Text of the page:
Wills in Virginia

By Beverly Bird

Writing a will allows you to decide before your death who is going to get your assets, who is going to oversee the process of transferring them to those people and who will be the guardian of your minor children after your death, if you have any. To a great extent, you take the power of these decisions away from the court. Laws regarding wills vary from state to state. Title 64.1 of the Code of Virginia lists the state's requirements and provisions for wills and estate matters.

Requirements

Any mentally competent adult over the age of 18 can make a will in Virginia. You will need two witnesses when you sign it and there is no law that prohibits them from also being beneficiaries. However, if you write your whole will out by hand, witnesses are not required, provided that you also sign and date it.

Laws Regarding Spouses

If you omit your spouse from your will or attempt to leave him some minimal amount, he is entitled by law to an elective share of your estate. This means that rather than accept what you left him -- if anything -- in your will, he can elect to take a percentage of your augmented estate, not your probate estate, instead. An augmented estate usually includes the value of assets such as life insurance policies that would pass directly to a beneficiary and would not pass through probate. The elective share in Virginia is one-third if you have children, either together or from another relationship, and one-half if you do not have children. However, divorce or annulment automatically extinguishes any provisions or bequests you made to him in your will unless your will specifically states that you want your ex-spouse to inherit even if the marriage ends.

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Laws Regarding Children

If you leave assets to your children in your will and they are younger than 18 years of age, they will have to go through court guardianship proceedings. The court will appoint a guardian to oversee and control those assets on their behalf.

Intestacy Laws

Dying intestate means dying with out a will. If you pass away in Virginia and you don’t leave a will, the court will decide who gets your assets. Your spouse is first in line. If you don’t have children from a different relationship, she gets your entire estate. If you do have children from another relationship, they would share two-thirds of your estate and your spouse would receive one-third. If you are not married and have no children, then your parents would get all your assets, and if your parents are deceased, your siblings would divide your estate equally.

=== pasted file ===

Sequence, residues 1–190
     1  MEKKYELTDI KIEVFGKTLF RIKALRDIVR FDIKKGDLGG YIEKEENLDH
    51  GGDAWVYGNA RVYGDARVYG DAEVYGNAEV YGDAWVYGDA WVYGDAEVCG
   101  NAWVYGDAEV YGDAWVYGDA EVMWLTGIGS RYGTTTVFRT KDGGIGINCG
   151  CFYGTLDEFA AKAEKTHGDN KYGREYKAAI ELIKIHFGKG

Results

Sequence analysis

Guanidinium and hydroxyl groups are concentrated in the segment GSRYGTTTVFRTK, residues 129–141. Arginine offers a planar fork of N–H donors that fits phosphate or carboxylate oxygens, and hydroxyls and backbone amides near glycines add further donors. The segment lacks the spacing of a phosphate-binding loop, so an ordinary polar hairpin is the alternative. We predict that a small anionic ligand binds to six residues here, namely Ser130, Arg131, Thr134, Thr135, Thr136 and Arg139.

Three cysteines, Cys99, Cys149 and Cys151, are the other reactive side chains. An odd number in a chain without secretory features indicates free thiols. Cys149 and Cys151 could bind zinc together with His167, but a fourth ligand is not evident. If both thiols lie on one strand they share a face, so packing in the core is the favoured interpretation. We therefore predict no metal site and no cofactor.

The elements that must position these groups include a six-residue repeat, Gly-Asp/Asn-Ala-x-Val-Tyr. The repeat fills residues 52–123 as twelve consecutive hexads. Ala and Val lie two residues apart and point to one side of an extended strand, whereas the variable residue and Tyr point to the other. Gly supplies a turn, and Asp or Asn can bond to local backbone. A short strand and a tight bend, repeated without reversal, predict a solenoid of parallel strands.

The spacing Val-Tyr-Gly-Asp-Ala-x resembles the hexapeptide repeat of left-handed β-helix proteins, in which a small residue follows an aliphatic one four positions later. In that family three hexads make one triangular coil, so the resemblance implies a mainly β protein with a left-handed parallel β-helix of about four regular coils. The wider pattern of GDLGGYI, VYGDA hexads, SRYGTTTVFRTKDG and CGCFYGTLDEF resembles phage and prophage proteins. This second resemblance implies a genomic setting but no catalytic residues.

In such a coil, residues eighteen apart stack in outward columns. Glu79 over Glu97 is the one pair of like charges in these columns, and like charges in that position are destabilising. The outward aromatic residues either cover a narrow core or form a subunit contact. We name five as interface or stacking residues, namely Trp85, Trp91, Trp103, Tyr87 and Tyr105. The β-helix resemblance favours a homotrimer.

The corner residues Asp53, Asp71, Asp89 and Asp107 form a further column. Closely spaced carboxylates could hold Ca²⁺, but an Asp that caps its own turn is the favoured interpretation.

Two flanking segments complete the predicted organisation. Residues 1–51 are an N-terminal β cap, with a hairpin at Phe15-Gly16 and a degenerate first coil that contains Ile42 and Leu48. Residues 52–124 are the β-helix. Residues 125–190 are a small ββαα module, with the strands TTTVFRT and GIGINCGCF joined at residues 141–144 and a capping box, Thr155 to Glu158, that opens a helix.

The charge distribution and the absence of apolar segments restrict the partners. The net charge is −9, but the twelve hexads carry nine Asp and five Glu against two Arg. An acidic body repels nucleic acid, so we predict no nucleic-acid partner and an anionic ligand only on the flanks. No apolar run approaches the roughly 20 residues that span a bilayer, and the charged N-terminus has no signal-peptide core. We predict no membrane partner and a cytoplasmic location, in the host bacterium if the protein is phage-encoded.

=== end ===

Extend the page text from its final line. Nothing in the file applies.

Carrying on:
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Wills & Estates in Pennsylvania
 

References

Related articles

New York State Marital Inheritance Laws

In New York, as elsewhere, marriage gives spouses certain indelible rights when their partner dies. These inheritance laws typically override any estate planning that spouses might make that contradicts the statutes. If you try to disinherit your spouse in New York, it won't work. If you deliberately leave her out of your will, or leave her only a small token amount, New York law will give her a portion of your estate anyway.

Wills in New Jersey

New Jersey is more flexible than some states in its laws covering wills and estates. Anyone at least 18 years of age and of sound mind can make a will. While this is the norm among most jurisdictions, New Jersey has also passed progressive legislation to make it easy for your next of kin to locate your will after you pass away and to limit spouses’ shares to an estate under some circumstances. New Jersey recognizes domestic partnerships and the laws that apply to spouses also pertain to domestic partners.

North Carolina Laws Regarding Wills

Every state has its own specific statutes when it comes to wills. A will that doesn’t comply with North Carolina’s laws is generally void, and North Carolina will dispose of your property according to rules of inheritance, giving it to your most immediate kin regardless of your intentions. If you write your own will, it is always advisable to use an attorney to review it before you assume it to be valid, according to North Carolina’s statutes.

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